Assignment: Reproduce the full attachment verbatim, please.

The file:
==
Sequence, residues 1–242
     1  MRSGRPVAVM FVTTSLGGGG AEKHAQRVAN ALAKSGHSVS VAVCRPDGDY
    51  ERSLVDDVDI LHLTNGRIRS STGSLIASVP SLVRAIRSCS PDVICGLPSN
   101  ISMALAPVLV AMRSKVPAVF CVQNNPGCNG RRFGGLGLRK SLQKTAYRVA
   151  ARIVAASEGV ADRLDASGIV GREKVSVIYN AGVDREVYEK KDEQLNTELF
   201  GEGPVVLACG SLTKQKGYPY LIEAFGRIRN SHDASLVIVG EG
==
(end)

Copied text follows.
Sequence, residues 1–242
     1  MRSGRPVAVM FVTTSLGGGG AEKHAQRVAN ALAKSGHSVS VAVCRPDGDY
    51  ERSLVDDVDI LHLTNGRIRS STGSLIASVP SLVRAIRSCS PDVICGLPSN
   101  ISMALAPVLV AMRSKVPAVF CVQNNPGCNG RRFGGLGLRK SLQKTAYRVA
   151  ARIVAASEGV ADRLDASGIV GREKVSVIYN AGVDREVYEK KDEQLNTELF
   201  GEGPVVLACG SLTKQKGYPY LIEAFGRIRN SHDASLVIVG EG